The Moveable Feast series came to a close April 2 with a fusion of painting and music. Art lovers came to the Fine Arts Auditorium to see the presentation The a Emergence of Modernism: Art Between the Wars.
The presentation included a talk by Dr. Deborah Jamieson on the various styles of modern painting, and musical performances by Dr. Steve Primatic, Dr. Benjamin Warsaw and Dr. Emily Grundstad-Hall.
The event began with Dr. Jamieson discussing the social changes in mid-19th century Paris. This is when modern art started to form.
Old neighborhoods were demolished and new structures were built to turn Paris into a modern city. The changes made the city more accessible. People left the country and headed for the city.
The population in Paris swelled as people adjusted to a more industrial lifestyle. Modern artists wanted to depict this new life in their paintings. They used techniques that had never been used before.
The Impressionist, for example, used quick brushstrokes to paint Parisians at leisure. Their paintings usually have bright colors and a soft, blurry look.
Sophomore Nursing major Lindsay Attaway said one of her favorite paintings was Summers Day by Impressionist painter Berthe Morisot “I like the painting because of its soft look,” Attaway said. “You can get lost in Cubism.”
After Dr. Jamieson finished talking about Impressionism, Dr. Warsaw and Dr. Grundstad- Hall performed music from the era while some paintings by Claude Monet were shown in the background.
The years between World War I and World War II are called The Age of Isms because several radical yet intellectual styles developed. Each style had its own manifesto. Many people questioned traditional societal values just before and after WWI and the art of the time reflected that change.
Pablo Picasso’s Les Demoiselles d’Avignon is considered one of the most radical pieces of the both the time. The flat shapes, jagged angles and tribal mask-like faces of the women in the painting shocked the art world. Even his close friend painter Georges Braque was jarred by the piece.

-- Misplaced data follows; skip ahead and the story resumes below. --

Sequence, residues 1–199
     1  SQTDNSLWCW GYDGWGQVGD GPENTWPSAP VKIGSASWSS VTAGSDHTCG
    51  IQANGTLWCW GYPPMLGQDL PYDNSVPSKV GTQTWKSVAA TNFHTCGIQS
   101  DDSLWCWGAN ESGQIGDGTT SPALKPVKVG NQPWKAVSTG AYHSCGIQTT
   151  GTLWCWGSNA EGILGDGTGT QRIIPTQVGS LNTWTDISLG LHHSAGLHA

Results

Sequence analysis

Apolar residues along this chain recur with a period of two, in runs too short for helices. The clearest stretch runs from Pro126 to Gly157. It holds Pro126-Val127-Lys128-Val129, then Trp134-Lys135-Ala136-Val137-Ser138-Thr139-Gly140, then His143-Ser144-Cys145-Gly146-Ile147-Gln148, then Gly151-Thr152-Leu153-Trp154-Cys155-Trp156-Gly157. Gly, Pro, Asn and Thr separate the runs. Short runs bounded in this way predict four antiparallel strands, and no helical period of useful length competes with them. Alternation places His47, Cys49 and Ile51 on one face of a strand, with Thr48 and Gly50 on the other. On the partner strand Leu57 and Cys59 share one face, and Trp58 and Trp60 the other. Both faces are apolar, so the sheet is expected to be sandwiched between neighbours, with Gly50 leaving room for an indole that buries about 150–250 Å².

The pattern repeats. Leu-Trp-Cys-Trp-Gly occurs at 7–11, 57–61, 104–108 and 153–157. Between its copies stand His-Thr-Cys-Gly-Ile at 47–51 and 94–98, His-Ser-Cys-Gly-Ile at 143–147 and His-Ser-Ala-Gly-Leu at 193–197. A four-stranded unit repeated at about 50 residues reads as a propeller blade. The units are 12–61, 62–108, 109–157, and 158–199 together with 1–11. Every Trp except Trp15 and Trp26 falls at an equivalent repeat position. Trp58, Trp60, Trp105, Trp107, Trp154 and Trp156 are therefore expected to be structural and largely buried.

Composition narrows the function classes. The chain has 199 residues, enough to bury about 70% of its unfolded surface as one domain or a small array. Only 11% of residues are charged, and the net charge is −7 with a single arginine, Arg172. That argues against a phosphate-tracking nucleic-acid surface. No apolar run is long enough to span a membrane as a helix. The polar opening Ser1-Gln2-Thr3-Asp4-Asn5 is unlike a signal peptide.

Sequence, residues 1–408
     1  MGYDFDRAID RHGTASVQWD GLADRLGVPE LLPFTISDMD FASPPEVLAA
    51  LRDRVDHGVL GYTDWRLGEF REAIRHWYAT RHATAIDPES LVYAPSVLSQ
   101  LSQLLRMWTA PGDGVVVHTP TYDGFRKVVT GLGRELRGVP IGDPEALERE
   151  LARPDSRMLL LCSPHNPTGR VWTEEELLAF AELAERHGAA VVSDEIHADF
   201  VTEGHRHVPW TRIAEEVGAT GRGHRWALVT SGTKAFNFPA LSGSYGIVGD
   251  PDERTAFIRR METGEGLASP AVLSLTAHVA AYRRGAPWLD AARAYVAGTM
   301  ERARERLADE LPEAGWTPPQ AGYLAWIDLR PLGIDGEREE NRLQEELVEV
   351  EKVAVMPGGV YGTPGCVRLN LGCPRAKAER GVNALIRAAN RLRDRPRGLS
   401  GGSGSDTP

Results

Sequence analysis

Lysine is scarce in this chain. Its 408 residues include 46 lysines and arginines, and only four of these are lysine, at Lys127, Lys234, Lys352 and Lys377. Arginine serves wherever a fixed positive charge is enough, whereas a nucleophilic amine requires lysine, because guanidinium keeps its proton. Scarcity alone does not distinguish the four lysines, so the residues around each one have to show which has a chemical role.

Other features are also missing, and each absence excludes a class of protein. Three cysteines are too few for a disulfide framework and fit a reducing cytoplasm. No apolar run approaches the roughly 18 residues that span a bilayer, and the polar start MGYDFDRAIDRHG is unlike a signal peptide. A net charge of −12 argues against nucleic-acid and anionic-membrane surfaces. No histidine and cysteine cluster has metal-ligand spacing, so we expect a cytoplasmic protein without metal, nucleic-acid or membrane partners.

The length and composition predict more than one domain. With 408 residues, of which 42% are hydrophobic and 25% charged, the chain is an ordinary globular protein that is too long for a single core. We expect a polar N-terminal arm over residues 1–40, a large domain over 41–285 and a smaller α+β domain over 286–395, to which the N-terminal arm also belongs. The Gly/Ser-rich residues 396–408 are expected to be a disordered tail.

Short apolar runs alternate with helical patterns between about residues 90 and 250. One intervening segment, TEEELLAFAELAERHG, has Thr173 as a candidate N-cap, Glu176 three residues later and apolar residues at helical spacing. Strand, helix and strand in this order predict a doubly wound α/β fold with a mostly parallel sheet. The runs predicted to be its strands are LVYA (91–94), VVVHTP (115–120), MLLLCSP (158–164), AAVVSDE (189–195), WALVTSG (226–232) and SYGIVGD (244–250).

Other movements were forming in painting during this time, led by artists like Wassily Kandinsky who led a movement called Der Blaue Reiter (The Blue Rider).
Kandinsky believed that painting was closely linked to music. He wrote Concerning the Spiritual in Art in 1910 to encourage painters to “compose” paintings with color. For him, color was a keyboard, the eyes were the hammers of a piano, the soul was a piano with many strings and the artist was the piano player.
Kandinsky continued to compare painting to music with the idea of atonality. Atonal music has no center note or key. Kandinsky believed that subject matter in painting was like tone in music. If music could have no tone, then painting could have no subject.
This led him to create purely abstract pieces, using only color and line. Dr. Warsaw and Dr. Grundstad-Hall performed a piece of atonal music as some of Kandinsky’s work was shown on a slide show.
Dr. Jamieson covered several other painting movements in the talk, including the rise of photography as a fine art, the introduction of Modernist styles to the U.S. by Alfred Stieglitz, the emergence of Realism in Middle America and the Harlem Renaissance in New York.
Dr. Warsaw, Grundstad-Hall and Primatic ended the event with music from each time period, such as September Song by Kurt Weill. “The xylophone solo by Dr. Primatic was the highlight of the night.” Luke Larimore, a senior Liberal Arts major, said.
President Bleicken attended the performance and said Moveable Feast was a “marvelous” series.
English major Shay Hunter, a junior, thought the art and musical elements working together was beautiful. “Art and music are the inspiration of the world,” she said.
Postmodernism replaced Modernism in the 1950s. Some scholars believe we are still in a Postmodern age. Other scholars believe we are now in Post-Postmodernism. Although labels and definitions change over time, artists in various fields continue to find new ways to reflect their era in their art.